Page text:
According to California Penal Code (PC) 487(d)(1), Grand Theft Auto is defined as someone taking possession of someone else’s vehicle, valued at more than $950, to permanently deprive the owner of the vehicle or deprive the owner of the vehicle for some time. The assumption with most auto theft is that the vehicle is worth more than the $950 threshold to qualify for grand theft.

Grand theft is simply defined as the act of taking something, valued at over $950, from someone else without their permission. This is explained under PC 487. The difference between grand theft and petty theft is simply the value of the items stolen. If the value is less than $950, then the charges will be petty theft. If they are above that limit then the charges will be grand theft.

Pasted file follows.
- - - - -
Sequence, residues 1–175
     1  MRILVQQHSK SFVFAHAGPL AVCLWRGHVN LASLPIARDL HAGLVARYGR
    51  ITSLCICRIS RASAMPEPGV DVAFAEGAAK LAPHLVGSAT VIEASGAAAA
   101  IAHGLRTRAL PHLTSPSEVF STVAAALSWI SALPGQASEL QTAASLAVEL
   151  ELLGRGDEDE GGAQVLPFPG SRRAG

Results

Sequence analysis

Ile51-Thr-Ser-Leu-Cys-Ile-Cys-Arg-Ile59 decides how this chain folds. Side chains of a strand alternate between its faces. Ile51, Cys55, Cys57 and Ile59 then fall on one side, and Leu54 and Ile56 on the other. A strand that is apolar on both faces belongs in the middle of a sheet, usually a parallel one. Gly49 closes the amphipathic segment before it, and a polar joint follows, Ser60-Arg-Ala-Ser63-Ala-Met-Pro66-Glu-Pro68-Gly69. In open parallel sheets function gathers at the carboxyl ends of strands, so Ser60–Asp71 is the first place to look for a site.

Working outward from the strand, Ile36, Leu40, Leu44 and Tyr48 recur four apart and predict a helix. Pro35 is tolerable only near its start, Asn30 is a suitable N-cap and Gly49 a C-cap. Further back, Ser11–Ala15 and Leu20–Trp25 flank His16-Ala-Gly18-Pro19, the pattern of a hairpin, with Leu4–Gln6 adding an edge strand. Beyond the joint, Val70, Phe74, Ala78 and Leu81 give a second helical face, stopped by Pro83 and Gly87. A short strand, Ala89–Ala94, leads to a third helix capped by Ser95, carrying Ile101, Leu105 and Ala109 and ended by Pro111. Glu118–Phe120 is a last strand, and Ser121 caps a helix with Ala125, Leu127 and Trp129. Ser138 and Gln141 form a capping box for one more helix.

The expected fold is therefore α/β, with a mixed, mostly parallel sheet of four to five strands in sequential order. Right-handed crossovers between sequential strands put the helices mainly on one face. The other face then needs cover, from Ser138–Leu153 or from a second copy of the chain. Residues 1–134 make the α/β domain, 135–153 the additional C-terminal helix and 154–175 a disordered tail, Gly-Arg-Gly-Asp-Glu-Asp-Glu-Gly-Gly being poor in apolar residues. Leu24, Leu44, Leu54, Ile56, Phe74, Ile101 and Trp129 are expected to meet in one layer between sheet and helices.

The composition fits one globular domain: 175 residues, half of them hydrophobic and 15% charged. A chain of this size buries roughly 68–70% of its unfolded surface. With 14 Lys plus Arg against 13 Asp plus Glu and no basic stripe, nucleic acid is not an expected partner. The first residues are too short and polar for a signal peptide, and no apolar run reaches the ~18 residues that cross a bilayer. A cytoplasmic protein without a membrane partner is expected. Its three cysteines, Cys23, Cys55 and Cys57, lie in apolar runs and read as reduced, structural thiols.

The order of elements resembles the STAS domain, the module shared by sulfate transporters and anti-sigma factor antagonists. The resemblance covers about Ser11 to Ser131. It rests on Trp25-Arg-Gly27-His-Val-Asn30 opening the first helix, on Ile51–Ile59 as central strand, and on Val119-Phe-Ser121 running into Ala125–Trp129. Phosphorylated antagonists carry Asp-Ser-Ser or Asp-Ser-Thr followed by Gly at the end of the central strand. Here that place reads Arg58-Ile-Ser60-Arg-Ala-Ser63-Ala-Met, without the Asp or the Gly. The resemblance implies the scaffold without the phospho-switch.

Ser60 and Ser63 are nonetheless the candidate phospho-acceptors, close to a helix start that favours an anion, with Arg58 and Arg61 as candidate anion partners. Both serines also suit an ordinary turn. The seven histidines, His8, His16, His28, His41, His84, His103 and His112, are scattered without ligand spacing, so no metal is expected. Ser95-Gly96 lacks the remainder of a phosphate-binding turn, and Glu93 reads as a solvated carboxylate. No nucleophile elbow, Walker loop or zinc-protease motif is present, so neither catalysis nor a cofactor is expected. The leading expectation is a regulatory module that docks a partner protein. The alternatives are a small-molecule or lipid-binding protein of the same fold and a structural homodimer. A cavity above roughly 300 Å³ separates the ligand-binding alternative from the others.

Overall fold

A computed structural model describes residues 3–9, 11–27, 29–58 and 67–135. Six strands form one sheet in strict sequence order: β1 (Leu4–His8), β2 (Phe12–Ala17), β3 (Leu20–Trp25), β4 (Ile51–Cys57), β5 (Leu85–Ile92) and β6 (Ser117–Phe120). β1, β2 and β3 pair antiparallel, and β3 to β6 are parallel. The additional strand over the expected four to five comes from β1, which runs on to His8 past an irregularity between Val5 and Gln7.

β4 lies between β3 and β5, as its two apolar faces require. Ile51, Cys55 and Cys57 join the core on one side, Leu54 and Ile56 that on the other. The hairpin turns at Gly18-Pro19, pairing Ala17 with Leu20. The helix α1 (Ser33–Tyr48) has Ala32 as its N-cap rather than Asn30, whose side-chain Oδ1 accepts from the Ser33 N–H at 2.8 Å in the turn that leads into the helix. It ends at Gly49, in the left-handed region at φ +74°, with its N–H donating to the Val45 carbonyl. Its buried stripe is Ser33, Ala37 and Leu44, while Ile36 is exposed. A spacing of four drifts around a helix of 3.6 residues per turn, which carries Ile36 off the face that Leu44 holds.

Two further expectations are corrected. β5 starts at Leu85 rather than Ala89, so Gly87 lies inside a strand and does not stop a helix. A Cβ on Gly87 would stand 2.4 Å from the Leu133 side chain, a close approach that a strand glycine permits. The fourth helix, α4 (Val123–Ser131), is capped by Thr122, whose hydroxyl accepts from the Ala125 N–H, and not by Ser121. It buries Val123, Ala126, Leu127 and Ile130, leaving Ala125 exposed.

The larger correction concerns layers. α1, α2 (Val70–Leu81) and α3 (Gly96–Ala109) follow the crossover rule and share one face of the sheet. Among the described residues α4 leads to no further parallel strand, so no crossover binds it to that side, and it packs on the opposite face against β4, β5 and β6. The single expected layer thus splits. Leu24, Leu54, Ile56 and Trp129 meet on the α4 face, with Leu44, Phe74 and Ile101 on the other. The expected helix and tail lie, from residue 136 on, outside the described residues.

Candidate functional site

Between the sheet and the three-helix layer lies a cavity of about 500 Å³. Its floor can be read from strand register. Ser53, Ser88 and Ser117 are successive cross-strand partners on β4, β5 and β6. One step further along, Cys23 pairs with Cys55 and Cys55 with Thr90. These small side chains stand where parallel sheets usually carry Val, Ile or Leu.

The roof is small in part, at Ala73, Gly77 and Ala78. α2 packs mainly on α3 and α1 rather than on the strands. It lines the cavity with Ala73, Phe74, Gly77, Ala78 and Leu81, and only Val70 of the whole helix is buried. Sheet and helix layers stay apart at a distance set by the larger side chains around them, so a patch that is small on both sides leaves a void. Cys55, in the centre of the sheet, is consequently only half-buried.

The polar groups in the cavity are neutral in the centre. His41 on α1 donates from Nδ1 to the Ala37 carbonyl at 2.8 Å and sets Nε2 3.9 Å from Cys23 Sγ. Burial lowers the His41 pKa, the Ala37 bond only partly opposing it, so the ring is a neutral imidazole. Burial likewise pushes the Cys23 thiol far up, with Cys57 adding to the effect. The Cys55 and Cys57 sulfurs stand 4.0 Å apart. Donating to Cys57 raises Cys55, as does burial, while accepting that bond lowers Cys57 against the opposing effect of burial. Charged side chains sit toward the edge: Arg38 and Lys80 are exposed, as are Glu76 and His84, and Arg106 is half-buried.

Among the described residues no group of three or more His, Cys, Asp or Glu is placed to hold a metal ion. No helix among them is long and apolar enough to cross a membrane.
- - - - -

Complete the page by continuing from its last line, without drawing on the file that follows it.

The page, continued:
Knowing both of these definitions, it is safe to say that the stealing of a trailer will be grand theft since chances are the trailer has a value of over $950. The crime, however, will likely not be charged as grand theft auto since that crime applies when a motor vehicle is stolen and trailers don’t have motors.

The Penalties of Grand Theft

Grand theft is a wobbler crime here in California. This means that it can either be charged as a misdemeanor or a felony depending on the facts of the case and the person’s criminal record. When charged as a misdemeanor, a person will face:

  • Up to 1 year in county jail.
  • A max fine of $1,000.

When grand theft is charged as a felony, a person will face:

  • 16 months, 2 years, or 3 years in state prison.
  • A max fine of $10,000.
  • Felony probation.

If the crime was charged as grand theft auto, the person would face the same charges. However, if the person has been convicted of auto theft in the past, then they could face enhanced sentences for the crime.

Don’t Steal from Anyone